produce two secondary spermatocytes which are
now haploid but still have duplicated
chromosomes
Spermatogenesis, cont.
Secondary spermatocytes undergo meiosis
II

Separates sister chromatids and produces four
spermatids
Spermatids mature into mature spermatozoa
(sperm cells)
Involves association with Sertoli cells
which transfer nutrients to spermatids
Spermatogenesis III
During spermatogenesis, developing sperm
gradually pushed toward center of
seminiferous tubule
Make their way to epididymis where they
acquire motility
From spermatogonia to motile sperm = 65
to 75 days
Spermatogenesis Visual
Oogenesis
Oogenesis is development of ova (mature,
unfertilized egg cells)
Begins in embryonic female when
primordial germ cells undergo mitotic
divisions to produce diploid oogonia
Each oogonium develops into primary
oocyte by time of birth
All potential ova present in ovaries at birth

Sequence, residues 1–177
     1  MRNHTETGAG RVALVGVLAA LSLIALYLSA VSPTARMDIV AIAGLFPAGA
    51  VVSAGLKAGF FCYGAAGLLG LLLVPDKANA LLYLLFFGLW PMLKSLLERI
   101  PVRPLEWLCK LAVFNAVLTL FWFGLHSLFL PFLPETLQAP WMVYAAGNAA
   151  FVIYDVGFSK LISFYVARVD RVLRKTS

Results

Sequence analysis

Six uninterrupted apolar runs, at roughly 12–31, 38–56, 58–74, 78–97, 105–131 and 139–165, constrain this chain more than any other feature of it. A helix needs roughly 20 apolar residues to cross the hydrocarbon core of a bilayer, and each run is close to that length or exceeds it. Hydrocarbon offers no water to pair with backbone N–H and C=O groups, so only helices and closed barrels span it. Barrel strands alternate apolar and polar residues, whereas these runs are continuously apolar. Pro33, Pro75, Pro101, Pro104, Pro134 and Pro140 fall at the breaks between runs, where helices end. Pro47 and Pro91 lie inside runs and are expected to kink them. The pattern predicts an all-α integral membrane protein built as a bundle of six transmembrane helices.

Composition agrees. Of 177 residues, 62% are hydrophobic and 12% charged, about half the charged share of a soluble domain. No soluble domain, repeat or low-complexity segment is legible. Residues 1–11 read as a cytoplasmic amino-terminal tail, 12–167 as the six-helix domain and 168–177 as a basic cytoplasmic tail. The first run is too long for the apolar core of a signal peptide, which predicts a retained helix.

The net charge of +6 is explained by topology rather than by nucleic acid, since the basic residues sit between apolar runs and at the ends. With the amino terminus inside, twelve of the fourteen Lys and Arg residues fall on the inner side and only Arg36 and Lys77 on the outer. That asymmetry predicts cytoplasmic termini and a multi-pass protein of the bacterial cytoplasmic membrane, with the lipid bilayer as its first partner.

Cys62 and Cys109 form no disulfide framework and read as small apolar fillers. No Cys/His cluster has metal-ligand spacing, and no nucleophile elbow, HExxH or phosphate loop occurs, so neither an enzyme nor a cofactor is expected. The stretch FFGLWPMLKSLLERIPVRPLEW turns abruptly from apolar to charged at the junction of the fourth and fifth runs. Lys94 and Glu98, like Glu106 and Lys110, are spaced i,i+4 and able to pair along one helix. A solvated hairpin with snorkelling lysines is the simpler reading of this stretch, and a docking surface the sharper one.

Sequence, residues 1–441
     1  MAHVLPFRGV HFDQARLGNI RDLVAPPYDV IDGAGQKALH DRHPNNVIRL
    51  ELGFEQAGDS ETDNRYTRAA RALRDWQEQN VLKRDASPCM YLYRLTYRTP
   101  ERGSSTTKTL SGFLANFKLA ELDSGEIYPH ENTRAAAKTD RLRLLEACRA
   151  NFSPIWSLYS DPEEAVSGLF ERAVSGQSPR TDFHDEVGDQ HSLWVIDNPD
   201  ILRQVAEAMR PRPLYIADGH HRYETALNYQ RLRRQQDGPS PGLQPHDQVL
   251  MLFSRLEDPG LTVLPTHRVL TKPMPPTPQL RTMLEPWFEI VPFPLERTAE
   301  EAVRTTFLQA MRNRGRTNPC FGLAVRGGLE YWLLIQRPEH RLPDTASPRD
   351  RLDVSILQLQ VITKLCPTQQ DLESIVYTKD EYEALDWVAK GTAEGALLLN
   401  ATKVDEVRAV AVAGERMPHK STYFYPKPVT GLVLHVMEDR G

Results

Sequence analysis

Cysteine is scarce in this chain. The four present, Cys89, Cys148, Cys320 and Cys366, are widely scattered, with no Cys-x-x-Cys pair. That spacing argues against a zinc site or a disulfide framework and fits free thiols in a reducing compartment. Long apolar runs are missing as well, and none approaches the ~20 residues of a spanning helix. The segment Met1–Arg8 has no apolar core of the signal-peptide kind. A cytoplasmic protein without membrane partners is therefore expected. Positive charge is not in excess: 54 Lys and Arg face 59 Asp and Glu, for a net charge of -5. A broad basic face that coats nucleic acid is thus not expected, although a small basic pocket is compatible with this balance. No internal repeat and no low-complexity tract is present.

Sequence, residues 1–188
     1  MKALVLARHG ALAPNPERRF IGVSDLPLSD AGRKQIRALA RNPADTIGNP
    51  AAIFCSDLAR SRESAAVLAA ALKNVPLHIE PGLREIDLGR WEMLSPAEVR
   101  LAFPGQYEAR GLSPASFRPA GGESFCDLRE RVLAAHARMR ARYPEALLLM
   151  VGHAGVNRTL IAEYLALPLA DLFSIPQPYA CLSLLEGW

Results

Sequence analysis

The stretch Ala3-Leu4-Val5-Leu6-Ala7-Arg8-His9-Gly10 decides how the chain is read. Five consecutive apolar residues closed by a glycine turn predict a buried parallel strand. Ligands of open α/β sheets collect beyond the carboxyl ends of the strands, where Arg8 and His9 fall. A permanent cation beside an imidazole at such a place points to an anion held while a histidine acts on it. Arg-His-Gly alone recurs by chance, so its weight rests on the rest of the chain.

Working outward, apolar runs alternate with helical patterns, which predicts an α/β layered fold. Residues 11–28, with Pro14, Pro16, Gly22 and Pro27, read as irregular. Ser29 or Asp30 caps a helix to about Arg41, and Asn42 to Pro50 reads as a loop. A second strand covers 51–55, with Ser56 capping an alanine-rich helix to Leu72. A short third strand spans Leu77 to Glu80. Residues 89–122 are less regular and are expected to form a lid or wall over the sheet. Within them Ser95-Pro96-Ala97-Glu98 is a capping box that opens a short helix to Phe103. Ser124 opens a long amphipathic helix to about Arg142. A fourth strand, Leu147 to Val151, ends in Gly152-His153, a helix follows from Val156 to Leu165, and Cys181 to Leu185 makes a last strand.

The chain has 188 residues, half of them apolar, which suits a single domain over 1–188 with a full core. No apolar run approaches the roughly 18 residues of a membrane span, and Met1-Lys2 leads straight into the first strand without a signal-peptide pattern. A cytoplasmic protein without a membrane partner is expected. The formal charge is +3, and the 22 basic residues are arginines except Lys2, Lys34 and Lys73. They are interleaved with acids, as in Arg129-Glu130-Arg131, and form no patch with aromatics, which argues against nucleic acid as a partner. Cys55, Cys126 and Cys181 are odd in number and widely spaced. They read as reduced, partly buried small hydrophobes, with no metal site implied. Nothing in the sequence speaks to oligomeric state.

Oogenesis, cont.
Primary oocytes (2N) proceed to Prophase I
between 3rd and 7th month of fetal development
Then enter state of suspended development until
female reaches puberty
After puberty, with each ovarian cycle, FSH
stimulates a follicle to enlarge & primary oocyte
within completes Meiosis I to produce haploid
secondary oocyte and first polar body
Oogenesis III
Meiosis STOPS again
LH triggers ovulation and secondary oocyte
released from follicle
IF fertilization occurs, Meiosis II will occur and
second polar body will separate from ovum
Female strategy appears to be QUALITY of
reproductive cell whereas male strategy appears to
be QUANTITY of reproductive cells
Oogenesis Visual